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Seek the OriginalThe idea “seek the original” is interesting to me on two levels. On one level, it's a very useful and practical idea; on another level, the idea itself serves as a good example of a meme. I say it's a good example of a meme partly because it's an example of the concept of extremes, as I'll explain in a moment, but mostly because it's so clearly atomic, transmittable, and general.
What is the idea? Well, I happen to think the name “seek the original” is perfect, and says it all, but here's a longer version anyway.
Whenever there's novelty, there's an original, a first instance, and the first is usually the best.
… he that comes last is commonly best.
When I see a pair contradictory memes, my instinctive reaction is that one has to be right, the other wrong. Really, though, they're just opposite poles, the two extremes between which the reality falls. Both contain some truth.
Just to have some concrete examples, consider The Lord of the Rings and Neuromancer. Both were so thoroughly imitated that the imitations became whole new genres of fiction—epic fantasy and cyberpunk, respectively—but both originals are still the best. Or, if you like technical examples, how about The C Programming Language and The TeXbook? There have been a lot of books written on both subjects, but you just can't beat getting the information straight from the creator(s).
Sometimes seeking the original even requires seeking earlier versions of a single work. Whitman, for example, kept fooling with Leaves of Grass, so that the final version was quite different from the original. I should admit I've never read the whole final version … but maybe that's part of the point, that it doesn't compel me to read it. The same thing can happen in technical works, too. I happened to notice a great difference between two successive versions of the ODBC specification; it seemed clear that control of the work had passed from the creators to some other group with far less interest in clarity. Of course, if two versions of a work are so radically different, one has to wonder whether the versions should be unbundled and considered as separate works.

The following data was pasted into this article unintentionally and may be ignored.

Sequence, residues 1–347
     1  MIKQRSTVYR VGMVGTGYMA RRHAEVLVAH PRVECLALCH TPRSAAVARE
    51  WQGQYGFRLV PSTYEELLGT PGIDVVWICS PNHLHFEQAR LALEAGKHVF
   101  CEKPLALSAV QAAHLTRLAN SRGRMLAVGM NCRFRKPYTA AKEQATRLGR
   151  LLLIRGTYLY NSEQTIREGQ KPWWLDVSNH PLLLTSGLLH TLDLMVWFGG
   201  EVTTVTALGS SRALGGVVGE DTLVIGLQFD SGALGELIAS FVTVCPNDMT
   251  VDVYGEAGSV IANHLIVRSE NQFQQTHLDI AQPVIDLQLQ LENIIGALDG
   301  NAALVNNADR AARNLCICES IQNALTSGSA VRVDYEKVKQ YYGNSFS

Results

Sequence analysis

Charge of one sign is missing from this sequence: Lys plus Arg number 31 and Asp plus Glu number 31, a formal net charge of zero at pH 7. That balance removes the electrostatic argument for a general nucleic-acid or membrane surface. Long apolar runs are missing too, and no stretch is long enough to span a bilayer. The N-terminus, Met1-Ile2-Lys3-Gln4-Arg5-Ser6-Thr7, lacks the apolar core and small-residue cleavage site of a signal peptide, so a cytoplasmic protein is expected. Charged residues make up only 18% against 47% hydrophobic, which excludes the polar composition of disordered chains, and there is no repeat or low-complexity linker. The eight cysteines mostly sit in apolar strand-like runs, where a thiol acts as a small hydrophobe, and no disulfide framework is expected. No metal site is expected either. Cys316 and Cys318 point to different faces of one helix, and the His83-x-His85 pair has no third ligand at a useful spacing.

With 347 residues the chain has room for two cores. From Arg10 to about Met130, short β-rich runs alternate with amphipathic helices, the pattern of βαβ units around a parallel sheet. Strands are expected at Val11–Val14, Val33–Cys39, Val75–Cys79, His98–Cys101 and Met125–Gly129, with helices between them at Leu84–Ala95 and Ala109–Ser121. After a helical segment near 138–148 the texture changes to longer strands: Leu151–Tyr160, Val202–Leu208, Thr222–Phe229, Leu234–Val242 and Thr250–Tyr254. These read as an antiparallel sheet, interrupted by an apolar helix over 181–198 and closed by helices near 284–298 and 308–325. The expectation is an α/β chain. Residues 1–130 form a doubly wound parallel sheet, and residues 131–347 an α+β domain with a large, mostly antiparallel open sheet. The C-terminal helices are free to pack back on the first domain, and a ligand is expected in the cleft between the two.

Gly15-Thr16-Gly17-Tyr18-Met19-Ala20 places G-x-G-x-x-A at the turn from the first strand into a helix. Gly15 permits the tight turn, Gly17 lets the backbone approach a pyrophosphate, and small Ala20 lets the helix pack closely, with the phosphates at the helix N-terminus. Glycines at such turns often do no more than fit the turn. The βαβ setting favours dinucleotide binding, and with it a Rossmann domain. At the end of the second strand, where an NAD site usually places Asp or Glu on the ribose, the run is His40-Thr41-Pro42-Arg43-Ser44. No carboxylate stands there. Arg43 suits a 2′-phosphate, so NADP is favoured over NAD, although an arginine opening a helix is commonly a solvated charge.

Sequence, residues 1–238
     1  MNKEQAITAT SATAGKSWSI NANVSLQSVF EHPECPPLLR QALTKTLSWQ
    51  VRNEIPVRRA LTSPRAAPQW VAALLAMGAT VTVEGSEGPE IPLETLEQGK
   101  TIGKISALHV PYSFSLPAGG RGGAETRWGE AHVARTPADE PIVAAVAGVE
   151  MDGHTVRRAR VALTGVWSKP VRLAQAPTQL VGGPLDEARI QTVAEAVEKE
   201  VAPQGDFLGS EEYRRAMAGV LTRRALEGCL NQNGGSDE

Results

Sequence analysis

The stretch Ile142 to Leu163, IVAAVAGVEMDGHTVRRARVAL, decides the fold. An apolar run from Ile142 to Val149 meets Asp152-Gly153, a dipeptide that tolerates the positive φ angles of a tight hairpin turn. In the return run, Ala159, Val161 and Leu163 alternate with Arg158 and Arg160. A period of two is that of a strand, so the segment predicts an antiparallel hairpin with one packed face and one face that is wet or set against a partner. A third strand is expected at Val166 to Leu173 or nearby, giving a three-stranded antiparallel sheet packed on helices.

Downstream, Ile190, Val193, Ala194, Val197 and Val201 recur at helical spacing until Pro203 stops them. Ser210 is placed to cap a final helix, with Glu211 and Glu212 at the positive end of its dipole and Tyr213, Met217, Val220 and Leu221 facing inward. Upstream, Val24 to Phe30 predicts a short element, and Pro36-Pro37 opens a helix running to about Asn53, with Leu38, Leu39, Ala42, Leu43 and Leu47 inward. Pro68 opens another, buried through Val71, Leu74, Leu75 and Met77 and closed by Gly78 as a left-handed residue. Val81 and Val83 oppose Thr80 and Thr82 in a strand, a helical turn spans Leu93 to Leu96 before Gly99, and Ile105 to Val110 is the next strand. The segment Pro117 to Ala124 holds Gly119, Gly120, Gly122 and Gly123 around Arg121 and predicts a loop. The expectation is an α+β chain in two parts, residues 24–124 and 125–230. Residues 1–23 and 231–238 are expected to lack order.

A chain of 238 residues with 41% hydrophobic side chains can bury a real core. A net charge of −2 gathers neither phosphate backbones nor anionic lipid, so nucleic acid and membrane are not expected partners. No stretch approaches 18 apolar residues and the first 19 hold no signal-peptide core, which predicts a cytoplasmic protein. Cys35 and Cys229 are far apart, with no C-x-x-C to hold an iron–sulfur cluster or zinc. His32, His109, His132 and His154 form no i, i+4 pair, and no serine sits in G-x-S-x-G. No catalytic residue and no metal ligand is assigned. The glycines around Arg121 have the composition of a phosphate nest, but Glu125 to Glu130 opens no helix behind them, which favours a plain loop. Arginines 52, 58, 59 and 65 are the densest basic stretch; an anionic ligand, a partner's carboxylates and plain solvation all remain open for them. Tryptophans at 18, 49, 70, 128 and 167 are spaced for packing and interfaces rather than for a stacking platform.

It's true there are cases in which the original isn't so great. Sometimes the person with the idea isn't able to execute it properly, just well enough to convey it to others; and sometimes the creator of a piece of software isn't interested in explaining the concepts behind it, or isn't articulate enough.
The biggest exception, though, has to be works rendered in technological media. The first book about C may still be the best, but the first C compiler, if it still exists, certainly isn't … and likewise for the first automobile and first television. I'm not sure what to make of this. Is it a difference between art and technology (or craft), that the first is best in one but not in the other? That would fit with my view of art as novelty. Or is it that I'm comparing apples and oranges? The first copy of Leaves of Grass probably isn't the best, it's probably all old and dusty and worn-out; and maybe, if you're interested in learning from the design of a car, the first automobile is just the thing.
Science is an interesting example to consider, here. The earliest works do have a valuable clarity of concept, but the latest works have advantages, too, in the same way that a modern car does—improved notation and terminology, a broader base of examples, and so on. It's very surprising to me that both principles (or extremes) can exist in the same medium—so much for my theory about the medium determining which principle applies! I guess it has more to do with whether the work is used as a source of concepts or as a tool.
Nothing New Under the Sun
Some Memes (Rubik's Cube)
Variation in Content
Variation in Form
What Is Best?
o August (2000)
@ September (2000)